Reclamation cancels water surges on Klamath River
Herald and News 6/1/17
The Bureau of Reclamation announced Wednesday that Klamath River
emergency dilution flows will not be required this year to
mitigate the effects of a fish parasite.
That means 50,000 acre feet of water that was to be flushed down
the river will remain in Upper Klamath Lake and could benefit
irrigators and the wildlife refuges.
The parasite is called Ceratanova shasta (or C. shasta) that
affects migrating juvenile salmon heading to the sea.
The announcement is made following weeks of monitoring parasite
spore concentrations and prevalence of C. shasta infection among
out-migrating salmon, according to a press release. The
monitoring was conducted by Oregon State University, the Karuk
Tribe and the U.S. Fish and Wildlife Service.
In February, the 9th U.S. Circuit Court of Appeals ordered
Reclamation to implement two types of flows to mitigate the
effects of C. shasta on juvenile salmon; winter-spring flushing
flows designed to dislodge and flush out an intermediate host
for the parasite, and emergency dilution flows designed to
reduce the concentrations of parasite spores in the water
The winter-spring flows were conducted on multiple occasions
during February and March 2017, after which Reclamation shifted
its focus to planning for implementation of emergency dilution
flows, which the court ordered to be implemented between April 1
and June 15 if certain disease thresholds were exceeded.
Specifically, the court ordered Reclamation to utilize up to
50,000 acre feet to implement emergency dilution flows if:
Shasta spore concentrations exceed 5 spores/liter based on
quantitative polymerase chain reaction at any sampling
- Prevalence of infection
of all captured juvenile Chinook salmon exceeds 20 percent
for the preceding week at the Kinsman Rotary Screw Trap
These flows would be required until June 15 or until 80 percent
of juvenile salmon had migrated to the sea if either of the
preceding two thresholds were exceeded.
The court order also specified that the USFWS Arcata Office
would develop the out-migration estimation model. The Arcata
Office released the results of the model May 15 which estimated
that 80 percent of the wild Chinook had out-migrated by the week
of May 7-13.
To ensure a reasonable level of confidence that the wild salmon
out-migration was complete, the court required an additional
seven days be added to the estimate, making May 20 the last day
emergency dilution flows could be required in 2017.
“Now that the emergency dilution flows are not required this
year,” said Jared Bottcher, acting Water Operations Chief for
the local BOR office, “Upper Klamath Lake will remain fuller to
meet the needs of endangered suckers and also improve the
possibility of water deliveries to the Lower Klamath National
Wildlife Refuge later in the season, consistent with provisions
contained within the 2013 Biological Opinion.”
Reclamation appreciates the close coordination between a number
of partners that allowed for expedited processing of fish and
water samples, and the development of an emergency dilution flow
plan, the press release said.
Reclamation is encouraged by the near ideal conditions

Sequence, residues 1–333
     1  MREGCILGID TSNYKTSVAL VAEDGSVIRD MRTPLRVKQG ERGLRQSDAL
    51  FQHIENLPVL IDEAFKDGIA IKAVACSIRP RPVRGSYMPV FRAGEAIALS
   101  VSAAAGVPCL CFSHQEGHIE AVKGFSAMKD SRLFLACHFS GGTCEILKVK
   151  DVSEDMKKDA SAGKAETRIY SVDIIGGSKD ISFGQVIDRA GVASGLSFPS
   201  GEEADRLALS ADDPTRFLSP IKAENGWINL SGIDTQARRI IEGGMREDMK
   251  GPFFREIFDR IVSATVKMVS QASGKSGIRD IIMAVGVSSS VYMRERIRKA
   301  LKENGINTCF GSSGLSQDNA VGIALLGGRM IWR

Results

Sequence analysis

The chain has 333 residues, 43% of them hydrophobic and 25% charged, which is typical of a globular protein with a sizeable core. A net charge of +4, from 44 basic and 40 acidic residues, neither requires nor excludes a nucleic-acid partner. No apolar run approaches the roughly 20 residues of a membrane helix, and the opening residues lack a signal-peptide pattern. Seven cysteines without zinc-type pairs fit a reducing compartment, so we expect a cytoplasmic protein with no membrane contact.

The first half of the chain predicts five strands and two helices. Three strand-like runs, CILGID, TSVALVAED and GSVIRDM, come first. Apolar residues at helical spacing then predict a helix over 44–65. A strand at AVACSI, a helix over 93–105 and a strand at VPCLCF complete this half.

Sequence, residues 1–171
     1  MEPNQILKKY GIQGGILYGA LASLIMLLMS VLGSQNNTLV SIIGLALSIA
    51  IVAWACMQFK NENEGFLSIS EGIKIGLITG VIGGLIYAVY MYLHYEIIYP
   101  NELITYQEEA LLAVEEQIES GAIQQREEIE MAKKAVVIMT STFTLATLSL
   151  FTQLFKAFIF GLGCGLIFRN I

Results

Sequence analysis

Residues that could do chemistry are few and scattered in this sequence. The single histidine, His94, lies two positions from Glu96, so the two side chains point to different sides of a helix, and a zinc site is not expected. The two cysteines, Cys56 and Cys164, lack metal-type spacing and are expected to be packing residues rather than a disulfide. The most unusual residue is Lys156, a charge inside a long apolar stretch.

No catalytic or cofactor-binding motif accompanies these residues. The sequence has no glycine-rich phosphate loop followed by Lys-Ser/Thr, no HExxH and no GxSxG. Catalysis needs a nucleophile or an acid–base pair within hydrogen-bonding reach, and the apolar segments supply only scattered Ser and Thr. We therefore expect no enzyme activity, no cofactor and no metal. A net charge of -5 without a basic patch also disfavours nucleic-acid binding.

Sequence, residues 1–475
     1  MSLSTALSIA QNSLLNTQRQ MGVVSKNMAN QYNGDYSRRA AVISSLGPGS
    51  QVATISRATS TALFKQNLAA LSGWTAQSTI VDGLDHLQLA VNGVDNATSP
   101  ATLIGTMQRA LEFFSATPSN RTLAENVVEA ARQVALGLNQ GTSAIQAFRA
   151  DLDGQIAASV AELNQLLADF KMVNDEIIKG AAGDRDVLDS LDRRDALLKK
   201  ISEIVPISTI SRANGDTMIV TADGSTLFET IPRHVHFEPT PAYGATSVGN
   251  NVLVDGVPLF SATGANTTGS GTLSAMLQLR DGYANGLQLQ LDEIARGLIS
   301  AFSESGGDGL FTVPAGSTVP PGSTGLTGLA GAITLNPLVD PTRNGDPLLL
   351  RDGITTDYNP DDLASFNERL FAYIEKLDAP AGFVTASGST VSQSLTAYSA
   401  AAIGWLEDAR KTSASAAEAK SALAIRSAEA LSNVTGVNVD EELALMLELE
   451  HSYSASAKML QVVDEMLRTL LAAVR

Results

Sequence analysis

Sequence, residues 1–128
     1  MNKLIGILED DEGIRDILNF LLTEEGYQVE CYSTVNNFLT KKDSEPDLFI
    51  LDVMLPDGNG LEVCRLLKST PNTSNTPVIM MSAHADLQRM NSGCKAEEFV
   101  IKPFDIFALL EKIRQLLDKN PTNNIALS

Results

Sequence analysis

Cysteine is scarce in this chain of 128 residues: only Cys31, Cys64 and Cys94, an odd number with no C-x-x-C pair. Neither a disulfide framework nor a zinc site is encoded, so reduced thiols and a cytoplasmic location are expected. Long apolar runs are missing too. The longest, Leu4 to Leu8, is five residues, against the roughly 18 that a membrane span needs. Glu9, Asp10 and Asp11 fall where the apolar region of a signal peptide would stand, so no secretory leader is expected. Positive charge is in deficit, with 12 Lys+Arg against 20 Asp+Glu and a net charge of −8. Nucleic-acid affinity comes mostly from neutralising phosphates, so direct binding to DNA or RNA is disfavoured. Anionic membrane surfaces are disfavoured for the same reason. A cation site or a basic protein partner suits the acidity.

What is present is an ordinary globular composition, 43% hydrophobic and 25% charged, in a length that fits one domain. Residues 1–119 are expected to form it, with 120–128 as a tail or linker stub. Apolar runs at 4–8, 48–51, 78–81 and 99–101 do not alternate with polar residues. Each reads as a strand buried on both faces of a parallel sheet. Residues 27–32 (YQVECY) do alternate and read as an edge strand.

experienced by juvenile salmon during spring and it will operate
the Klamath Project for the remainder of the water year
consistent with the 2013 Biological Opinion.
The court order and its flow requirements will remain in place
until reconsultation of the 2013 Joint Biological Opinion is
completed in early 2019, the release said.
The biological opinion is used by the BOR to protect endangered
species of fish and helps it guide its water releases
Summary of Reclamation actions: (Web only)
Summary of winter-spring
flushing flows provided in 2017:
The Court ordered Reclamation to implement two types of flows to
mitigate the effects of C. shasta on juvenile salmon;
winter-spring flushing flows designed to dislodge and flush out
an intermediate host for the parasite, and emergency dilution
flows designed to reduce the concentrations of parasite spores
in the water column. The following is a summary of the
winter-spring flushing flows that were provided in the 2017:
February 10-12, and as a result of the hydrologic conditions
occurring at that time, Reclamation was able to provide a
surface flushing flow of 6,030 cfs for 72 hours and a deep
winter-spring flushing flow of over 8,000 cfs for 24 hours.
During the event, IGD flows reached a peak of 10,000 cfs
- On February 22-24,
Reclamation coordinated with a number of stakeholders to
release a shaped” flood control flow that met the criteria
contained within the Court Order to dislodge and flush the
intermediate host of C. shasta. Increased flow releases
through Link River Dam began on the afternoon of February
22, as the UKL elevation had risen above flood control
guidelines. UKL releases increased to approximately 6,400
cfs and IGD flows increased to approximately 9,300 cfs (on
How Reclamation will operate
now that emergency dilution flows are no longer necessary in
Reclamation will operate consistent with the Proposed Action
contained within the 2013 BiOp for the remainder of the 2017
If the emergency dilution flow criteria relative to disease
would have been exceeded, Reclamation would have provided up to
50,000 acre-feet of water from UKL to reduce the concentration
of spores in the Klamath River. This volume of water would have
been provided from the Klamath Project's allocation of 390,000
acre-feet from storage within Upper Klamath Lake. Now that the
emergency dilution flows are not required this year, Upper
Klamath Lake will remain fuller to meet the needs of endangered
suckers and also improve the possibility of water deliveries to
the Lower Klamath National Wildlife Refuge later in the season,
consistent with provisions contained within the 2013 BiOp.
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